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Utah bill to ban smoking in cars with kids gets committee approval
HB13 » Pediatrician says Utahns need to put children first
First Published Feb 05 2013 06:01 pm • Last Updated Feb 06 2013 07:39 am

A bill to ban smoking in cars when children ages 15 and under are present cleared a hurdle Tuesday, but not without opposition from some concerned about extending government’s reach into people’s private lives.

Rep. Patrice Arent, D-Millcreek, is the sponsor of HB13, which she said is similar to a measure she proposed two years ago. Members of the House Health and Human Services Committee voted 6 to 2 to advance the bill to the full House for debate.

At a glance

HB308: Restrict smoking in work vehicles

Rep. Lee Perry, R-Perry, is sponsoring legislation that would add vehicles to the list of workplaces where smoking is banned under Utah’s Indoor Clean Air Act. It would apply to company vehicles that are shared by employees, but not to an owner-operator of a business who is the sole user of the vehicle.

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HB13 would make smoking in a vehicle with children 15 and under a secondary infraction that could bring a fine of up to $45.

However, the fine would be waived if the smoker enrolled in a cessation program to quit. And only warnings would be given during the law’s first year.

"I don’t take lightly telling the public what they can do in their cars unless it is for a very important health or public safety purpose like the one we have here today," Arent told the committee.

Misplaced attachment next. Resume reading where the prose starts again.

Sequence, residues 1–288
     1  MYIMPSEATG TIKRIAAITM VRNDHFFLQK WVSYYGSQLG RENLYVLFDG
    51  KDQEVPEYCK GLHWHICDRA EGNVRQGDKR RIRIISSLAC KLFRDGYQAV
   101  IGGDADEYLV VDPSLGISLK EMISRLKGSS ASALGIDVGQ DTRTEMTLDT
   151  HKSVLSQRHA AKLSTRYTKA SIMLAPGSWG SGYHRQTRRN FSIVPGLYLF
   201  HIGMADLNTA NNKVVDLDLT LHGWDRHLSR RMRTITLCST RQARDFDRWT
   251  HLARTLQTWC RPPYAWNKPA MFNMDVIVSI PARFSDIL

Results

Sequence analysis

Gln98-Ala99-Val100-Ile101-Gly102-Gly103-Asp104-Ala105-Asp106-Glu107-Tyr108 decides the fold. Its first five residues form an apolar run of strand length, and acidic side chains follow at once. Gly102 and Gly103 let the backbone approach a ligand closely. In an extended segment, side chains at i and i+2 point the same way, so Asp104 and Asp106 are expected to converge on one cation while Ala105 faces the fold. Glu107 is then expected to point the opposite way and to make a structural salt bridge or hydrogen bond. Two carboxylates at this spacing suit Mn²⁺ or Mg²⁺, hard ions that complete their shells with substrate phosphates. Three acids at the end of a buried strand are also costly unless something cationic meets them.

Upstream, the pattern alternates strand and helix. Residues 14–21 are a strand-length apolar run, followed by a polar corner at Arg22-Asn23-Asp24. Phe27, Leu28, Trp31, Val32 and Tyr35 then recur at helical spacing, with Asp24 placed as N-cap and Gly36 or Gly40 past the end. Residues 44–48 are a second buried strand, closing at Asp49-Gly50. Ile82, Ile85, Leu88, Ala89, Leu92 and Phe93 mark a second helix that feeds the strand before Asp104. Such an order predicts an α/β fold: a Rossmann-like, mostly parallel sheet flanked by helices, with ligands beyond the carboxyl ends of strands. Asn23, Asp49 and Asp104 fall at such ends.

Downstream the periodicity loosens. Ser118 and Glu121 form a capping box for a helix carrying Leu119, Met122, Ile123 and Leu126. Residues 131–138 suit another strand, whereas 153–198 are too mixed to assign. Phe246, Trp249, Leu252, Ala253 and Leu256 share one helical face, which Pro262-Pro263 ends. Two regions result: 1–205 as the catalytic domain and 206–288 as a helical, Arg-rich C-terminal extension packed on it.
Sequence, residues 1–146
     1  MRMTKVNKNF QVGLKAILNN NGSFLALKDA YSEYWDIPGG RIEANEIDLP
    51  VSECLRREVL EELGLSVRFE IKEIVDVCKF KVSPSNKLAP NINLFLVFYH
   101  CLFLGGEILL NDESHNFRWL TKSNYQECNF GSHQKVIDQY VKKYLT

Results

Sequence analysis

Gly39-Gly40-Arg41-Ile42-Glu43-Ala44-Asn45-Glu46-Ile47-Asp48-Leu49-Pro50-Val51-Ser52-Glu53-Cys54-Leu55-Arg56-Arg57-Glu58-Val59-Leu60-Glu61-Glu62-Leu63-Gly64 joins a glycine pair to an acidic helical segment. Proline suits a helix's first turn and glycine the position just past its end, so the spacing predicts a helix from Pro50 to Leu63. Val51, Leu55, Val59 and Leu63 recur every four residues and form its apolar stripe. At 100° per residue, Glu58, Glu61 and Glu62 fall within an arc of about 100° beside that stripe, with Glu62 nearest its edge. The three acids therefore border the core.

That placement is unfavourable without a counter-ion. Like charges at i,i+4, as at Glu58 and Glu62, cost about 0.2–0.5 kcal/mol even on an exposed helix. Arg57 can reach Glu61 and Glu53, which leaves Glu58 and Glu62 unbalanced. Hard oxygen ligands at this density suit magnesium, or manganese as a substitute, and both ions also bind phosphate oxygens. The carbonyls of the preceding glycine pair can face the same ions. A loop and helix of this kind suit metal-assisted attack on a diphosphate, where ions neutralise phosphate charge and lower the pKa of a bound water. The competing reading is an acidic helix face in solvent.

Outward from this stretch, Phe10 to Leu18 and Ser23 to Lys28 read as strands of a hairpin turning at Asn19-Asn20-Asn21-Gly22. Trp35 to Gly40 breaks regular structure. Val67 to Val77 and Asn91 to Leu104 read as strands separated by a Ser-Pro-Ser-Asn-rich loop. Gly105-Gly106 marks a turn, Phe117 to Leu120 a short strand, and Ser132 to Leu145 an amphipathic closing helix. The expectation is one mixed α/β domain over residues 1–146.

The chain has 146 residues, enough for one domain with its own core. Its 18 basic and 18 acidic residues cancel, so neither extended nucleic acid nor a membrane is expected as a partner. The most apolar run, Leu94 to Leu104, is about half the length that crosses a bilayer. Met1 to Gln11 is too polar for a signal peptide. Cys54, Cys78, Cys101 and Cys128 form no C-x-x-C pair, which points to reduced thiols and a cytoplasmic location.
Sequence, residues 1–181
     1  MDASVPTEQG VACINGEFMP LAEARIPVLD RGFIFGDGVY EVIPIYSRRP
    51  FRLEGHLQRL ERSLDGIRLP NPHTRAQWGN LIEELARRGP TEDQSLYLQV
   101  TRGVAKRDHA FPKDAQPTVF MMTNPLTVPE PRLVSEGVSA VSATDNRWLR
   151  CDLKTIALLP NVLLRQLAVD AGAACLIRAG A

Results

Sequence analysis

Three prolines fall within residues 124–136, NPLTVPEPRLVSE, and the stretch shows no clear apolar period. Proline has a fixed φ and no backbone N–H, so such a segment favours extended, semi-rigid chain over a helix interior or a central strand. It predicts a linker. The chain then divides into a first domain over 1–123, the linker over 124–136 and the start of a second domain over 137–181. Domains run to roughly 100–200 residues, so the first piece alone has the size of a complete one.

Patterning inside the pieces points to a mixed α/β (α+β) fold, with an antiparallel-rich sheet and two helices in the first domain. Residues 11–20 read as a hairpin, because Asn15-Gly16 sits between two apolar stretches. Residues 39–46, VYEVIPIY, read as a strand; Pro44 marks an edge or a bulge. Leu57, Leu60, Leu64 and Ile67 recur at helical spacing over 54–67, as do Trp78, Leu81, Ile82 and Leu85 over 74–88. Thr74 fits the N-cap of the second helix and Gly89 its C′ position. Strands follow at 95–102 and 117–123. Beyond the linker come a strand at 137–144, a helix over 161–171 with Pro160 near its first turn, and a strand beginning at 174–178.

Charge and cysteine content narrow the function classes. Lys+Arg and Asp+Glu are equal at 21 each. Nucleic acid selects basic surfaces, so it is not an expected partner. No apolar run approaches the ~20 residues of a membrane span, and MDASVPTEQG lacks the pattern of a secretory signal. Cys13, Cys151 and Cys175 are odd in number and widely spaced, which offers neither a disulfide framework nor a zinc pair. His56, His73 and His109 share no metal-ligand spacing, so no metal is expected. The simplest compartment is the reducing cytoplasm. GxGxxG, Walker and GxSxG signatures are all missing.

Since a car is such a small enclosed space, contaminants from secondhand smoke quickly rise to unacceptable levels and can cause a lifetime of damage to children’s lungs, Arent said.

During an earlier press conference, Kevin Nelson, a pediatrician at Primary Children’s Medical Center and chairman of the Coalition for a Tobacco Free Utah, described HB13 as common sense that puts children first.

In 2010, the Utah Department of Health found that of Utah’s 65,000 children suffering from asthma, 16,000 were subjected to secondhand smoke while riding in cars.

"Let’s be clear," Nelson said. "The worst place for a child to be around secondhand smoke is in a car."

Dalane England of the Utah Eagle Forum asked members of the committee to consider leaving the decision to parents.

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"I don’t really believe this bill is about cars or smoking," England said. "This bill is about who is the best parent; it’s about our freedom versus our security."

Rep. Brian Greene, R-Pleasant Grove, and Rep. Michael Kennedy, R-Alpine, voted against the measure.

Copyright 2014 The Salt Lake Tribune. All rights reserved. This material may not be published, broadcast, rewritten or redistributed.

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